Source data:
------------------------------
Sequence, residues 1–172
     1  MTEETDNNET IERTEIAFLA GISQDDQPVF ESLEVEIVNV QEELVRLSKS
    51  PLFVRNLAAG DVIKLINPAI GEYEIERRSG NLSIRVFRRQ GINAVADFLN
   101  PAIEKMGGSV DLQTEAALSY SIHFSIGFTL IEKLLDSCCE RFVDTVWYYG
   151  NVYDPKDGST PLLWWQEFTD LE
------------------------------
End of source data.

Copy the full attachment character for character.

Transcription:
Sequence, residues 1–172
     1  MTEETDNNET IERTEIAFLA GISQDDQPVF ESLEVEIVNV QEELVRLSKS
    51  PLFVRNLAAG DVIKLINPAI GEYEIERRSG NLSIRVFRRQ GINAVADFLN
   101  PAIEKMGGSV DLQTEAALSY SIHFSIGFTL IEKLLDSCCE RFVDTVWYYG
   151  NVYDPKDGST PLLWWQEFTD LE